Embattled Cannabis Company MedMen Loses Its License In Virginia

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California-based cannabis behemoths MedMen is teetering on the edge right now. What was not too long ago the largest and most valued cannabis company in the world, has been amid a public relations nightmare for months now and was recently kicked out of burgeoning medicinal cannabis state, Virginia. 

Earlier this month, the Virginia Board of Pharmacy rescinded MedMen’s medicinal cannabis dispensary license where they were set to open up in the town of Staunton. Over the past few months, Virginia has embraced cannabis reform, decriminalizing cannabis as of July 1, enabling a robust medicinal cannabis program, and seriously considering legalization for recreational adult-use, all of which should be a boon for MedMen in a newly cannabis-friendly state. Instead, its license has been revoked after an extension request was rejected. 

MedMen’s Virginia license, which was conditional, came about after the failed 2019 merger between MedMen and PharmaCann left MedMen with that license as part of a settlement (they received the license for just $10). The failed merger however, left the nearly seven acres allotted for the dispensary undeveloped. Rather than allow MedMen an extension to develop the dispensary, the license has simply been revoked.

Last week, MedMen was at the center of a federal controversy in which whistleblower John Elias told the U.S. House Judiciary Committee that Trump-appointed Attorney General William Barr has unfairly focused on cannabis business mergers primarily because Barr’s office has opposed cannabis reform. “The Antitrust Division launched ten full-scale reviews of merger activity taking place in the marijuana, or cannabis, industry,” Elias testified. “These mergers involve companies with low market shares in a fragmented industry—they do not meet established criteria for antitrust investigations.”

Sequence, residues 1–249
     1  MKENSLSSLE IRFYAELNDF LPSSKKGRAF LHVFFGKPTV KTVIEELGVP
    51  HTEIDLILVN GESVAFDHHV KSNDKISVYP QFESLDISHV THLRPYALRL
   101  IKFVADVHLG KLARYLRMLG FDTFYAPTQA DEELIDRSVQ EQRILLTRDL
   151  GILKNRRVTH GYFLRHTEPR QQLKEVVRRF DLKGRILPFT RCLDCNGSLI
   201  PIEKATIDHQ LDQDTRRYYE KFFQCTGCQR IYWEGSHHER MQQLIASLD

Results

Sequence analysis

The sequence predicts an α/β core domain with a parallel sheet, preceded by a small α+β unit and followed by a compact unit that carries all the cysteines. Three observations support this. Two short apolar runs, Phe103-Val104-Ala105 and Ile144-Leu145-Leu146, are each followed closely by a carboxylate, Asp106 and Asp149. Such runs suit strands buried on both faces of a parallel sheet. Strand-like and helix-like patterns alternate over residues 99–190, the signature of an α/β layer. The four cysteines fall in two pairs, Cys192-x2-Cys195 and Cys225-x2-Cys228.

Among those numerous mergers, only the MedMen and PharmaCann merger was mentioned by name because it was the first one Barr’s antitrust division reviewed. Elias, a career DOJ attorney, explained that the $682 million merger was fully reviewed by Barr despite the nature of the merger not meeting the high merge review threshold. The intense scrutiny was why the merger ultimately failed and lead the Virginia Board of Pharmacy to reject MedMen’s license.

But having its dispensary license revoked in Virginia is just one of many problems for MedMen, which has been hemorrhaging cash lately (losing tens of millions each quarter) and recently saw two if its co-founders, Adam Bierman and Andrew Modlin, step down amid lawsuits and controversies about a toxic business environment. An investigative piece in Politico from May detailed MedMen’s many excesses—a kind of billionaire tech-bro nightmare described in great detail in “Lavish Parties, Greedy Pols and Panic Rooms: How the ‘Apple of Pot’ Collapsed.”

In effect, the dual failings of the Trump administration to embrace cannabis reform (and on top of that, try to retaliate against cannabis companies) and the hubris of MedMen amid the “Green Rush” is having adverse effects on state-level cannabis programs. In Virginia, MedMen losing its license means that it is possible that Staunton, which is part of the “health service area” containing the Shenandoah Valley and Charlottesville simply will not have a dispensary of its own when medicinal cannabis begins.

“As with the initial round of applications to the Board of Pharmacy, I hope Staunton is still a point of interest for other potential entities,” Billy Vaughn, Staunton’s Community and Economic Development director told the Staunton News Leader

Image by Kathy Wyche

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